When we arrived at the Frisco Marina on a bright June morning, my two sons stuffed with pancakes and eager for our sailing lesson, I was temporarily unnerved. The water on Lake Dillon, a high alpine reservoir (elevation 9,071 feet) in Frisco, Colo., was still. The surrounding peaks, many covered in snow, reflected on the lake’s surface — beautiful, but not promising for a day of wind-powered recreation.

Nevertheless, we headed out to the dock and met Thom Emrick, boat captain, instructor, owner of Windrider of the Rockies, and a lifelong sailor.

“About the wind …,” I ventured as he loaded us aboard and introduced himself to Henry, 9, and Silas, 7.

“These mountains make their own weather,” he said. “We’ll have wind. It can sometimes be unpredictable, but we’ll have it.”

Thus, the lesson began.

Thom Emrick, left, founder and owner of Windrider of the Rockies in Frisco, Colo., instructs Silas Walker (center) and his older brother, Henry, how to steer and rig a sailboat during a lesson on Lake Dillon.
Rachel Walker
Thom Emrick, left, founder and owner of Windrider of the Rockies in Frisco, Colo., instructs Silas Walker (center) and his older brother, Henry, how to steer and rig a sailboat during a lesson on Lake Dillon.

Aboard a 22-foot Santana heavy-weather boat — “ideal for the strong winds we do get up here!” — Emrick gave us a tour and explained “points of sail,” or how the boat interacts with the wind. Sailing requires knowing how to orient the boat relative to the wind; it is virtually impossible to sail directly into it. Emrick explained the different points in a way that the kids and I both grasped, and he also had a laminated diagram explaining the points, to which we referred throughout the lesson.

Before leaving the bay, Emrick let the boys explore the cabin, where windows were water-level and a cushioned berth invited some playtime. They studied Emrick’s charts and eyed a bucket — the morning’s bathroom, if we needed it.

Back on deck, Emrick explained how the rudder steered the boat and gave each kid a turn. After a few figure eights, we were ready for the open water.

We motored out of the marina and into the heart of Lake Dillon, where the wind indeed picked up. Emrick cut the engine and raised the mainsail (the jib was already up), and just like that we were sailing. In the mountains.

From the lake I spotted four “14ers,” peaks whose summit are at least 14,000 feet above sea level, of which Colorado has 54. There were many more mountains whose summits range from 10,000 to 13,000 feet. The view was stunning and the crisp mountain air invigorating.

I realized I had never before seen the mountains from such a vantage point. I was born and raised in Colorado and love to run, ski, and bike through these mountains. I’ve had many profound, exciting, and even harrowing adventures in the high country. But sailing — this was something different. I loved it.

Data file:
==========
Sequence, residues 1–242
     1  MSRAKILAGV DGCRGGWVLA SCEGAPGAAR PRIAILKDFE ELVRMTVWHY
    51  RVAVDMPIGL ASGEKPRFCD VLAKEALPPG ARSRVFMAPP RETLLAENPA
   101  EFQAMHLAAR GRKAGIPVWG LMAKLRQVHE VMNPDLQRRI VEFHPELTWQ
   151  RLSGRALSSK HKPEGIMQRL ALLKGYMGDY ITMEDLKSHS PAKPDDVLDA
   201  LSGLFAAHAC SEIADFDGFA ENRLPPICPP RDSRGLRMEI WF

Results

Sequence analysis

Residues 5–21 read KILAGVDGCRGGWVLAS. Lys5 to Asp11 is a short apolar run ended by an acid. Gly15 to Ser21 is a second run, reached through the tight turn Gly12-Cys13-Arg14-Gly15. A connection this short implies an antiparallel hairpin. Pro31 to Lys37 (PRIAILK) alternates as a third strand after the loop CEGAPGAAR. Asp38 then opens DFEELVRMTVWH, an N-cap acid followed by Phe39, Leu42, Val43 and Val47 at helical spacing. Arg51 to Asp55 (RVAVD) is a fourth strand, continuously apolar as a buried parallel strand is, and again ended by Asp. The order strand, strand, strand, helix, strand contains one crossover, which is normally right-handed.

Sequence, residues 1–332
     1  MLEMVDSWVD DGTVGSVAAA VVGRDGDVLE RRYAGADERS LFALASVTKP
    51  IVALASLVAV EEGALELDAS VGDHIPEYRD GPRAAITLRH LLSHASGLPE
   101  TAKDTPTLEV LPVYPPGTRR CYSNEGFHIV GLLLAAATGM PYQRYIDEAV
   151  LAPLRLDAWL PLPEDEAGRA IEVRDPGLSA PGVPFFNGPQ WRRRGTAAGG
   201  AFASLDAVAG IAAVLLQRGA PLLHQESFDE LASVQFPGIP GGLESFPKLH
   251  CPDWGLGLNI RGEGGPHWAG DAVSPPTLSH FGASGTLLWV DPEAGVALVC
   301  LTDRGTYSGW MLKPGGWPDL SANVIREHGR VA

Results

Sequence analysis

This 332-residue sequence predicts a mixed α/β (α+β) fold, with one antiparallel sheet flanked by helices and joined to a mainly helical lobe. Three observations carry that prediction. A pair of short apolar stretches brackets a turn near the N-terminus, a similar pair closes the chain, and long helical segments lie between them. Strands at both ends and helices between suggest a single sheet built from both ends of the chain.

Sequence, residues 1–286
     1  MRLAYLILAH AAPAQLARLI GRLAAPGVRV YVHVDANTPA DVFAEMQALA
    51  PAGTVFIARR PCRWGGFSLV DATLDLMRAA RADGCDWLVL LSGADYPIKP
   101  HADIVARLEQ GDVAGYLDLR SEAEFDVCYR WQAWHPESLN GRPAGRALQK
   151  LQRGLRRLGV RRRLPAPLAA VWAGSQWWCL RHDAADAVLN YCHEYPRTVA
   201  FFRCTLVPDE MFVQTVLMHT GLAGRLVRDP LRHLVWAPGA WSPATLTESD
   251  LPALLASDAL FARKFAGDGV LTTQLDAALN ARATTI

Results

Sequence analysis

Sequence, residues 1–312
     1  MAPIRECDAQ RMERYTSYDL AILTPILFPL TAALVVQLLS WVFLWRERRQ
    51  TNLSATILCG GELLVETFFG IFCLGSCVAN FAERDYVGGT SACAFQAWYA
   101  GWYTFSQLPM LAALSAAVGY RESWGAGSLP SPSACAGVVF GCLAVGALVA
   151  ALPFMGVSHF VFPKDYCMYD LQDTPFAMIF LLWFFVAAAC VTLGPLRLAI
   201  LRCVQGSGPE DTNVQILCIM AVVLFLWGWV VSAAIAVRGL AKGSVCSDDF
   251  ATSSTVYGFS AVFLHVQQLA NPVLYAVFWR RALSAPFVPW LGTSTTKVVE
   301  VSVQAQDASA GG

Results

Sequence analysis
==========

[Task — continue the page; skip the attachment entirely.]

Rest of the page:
It helps that Lake Dillon, created in the mid-1960s as a drinking water supply for Denver, 80 miles east on Interstate 70, is picturesque and large; it spans 3,300 acres and has 27 miles of shoreline. Jet Skis, speedboats, and water skiing are banned — motorized pontoon boats are allowed — so there were no choppy wakes to navigate.

This year, the marina was in the midst of excavating 85,000 cubic yards of dirt and lowering the lake bed’s level by about 13 feet, the first phase in a multimillion-dollar improvement project. Even with the construction and piles of dirt, my kids and I enjoyed exploring the shoreline and marveling at the bustling activity at the conclusion of our lesson.

Then we headed into Frisco to explore. Once a mining town, Frisco is close to better known places like Breckenridge and Keystone. For years, I thought it was little more than a bedroom community for those who worked at more posh and popular Colorado mountain destinations. I was wrong.

There are T-shirt shops and a roadside chain saw-carved wooden animal statue lot, but Frisco also has a mix of eclectic restaurants, a small park with an amphitheater where bands give free summer concerts on Thursday nights, and a fascinating historic museum.

The self-guided tour takes visitors through 11 buildings ranging from the town’s original jail to the mercantile to the schoolhouse, and more. Each building is restored to vintage accuracy and features intensive interpretation and audio to explain its significance in Frisco’s history.

Like other Colorado mountain towns, Frisco also boasts a robust trail network busy with hikers and mountain bikers, and nearby white-water rafting and kayaking. The new adventure park with downhill mountain bike trails and Frisbee golf (and Nordic skiing in the winter), was busy when we stopped by.

But my thoughts kept returning to the water and the equanimity I found on a sailboat on Lake Dillon. It wasn't just the scenery. It was the act of sailing itself, that stealthy centuries-old mode of transportation. Our lesson lasted but a few hours, and I didn't step off the boat a sailor. I did, however, emerge with a strong desire to become one.

Windrider of the Rockies offers lessons, sailboat rentals, tours, and small group or corporate team building. Owner Thom Emrick was raised in Colorado, but has sailed around the world. Lessons on the 22-foot Santana start at $245 for two hours; a two-hour rental for that same boat costs $130. The sailing season generally runs from about mid-June to early September. Information: windrider.us

General information: townoffrisco.com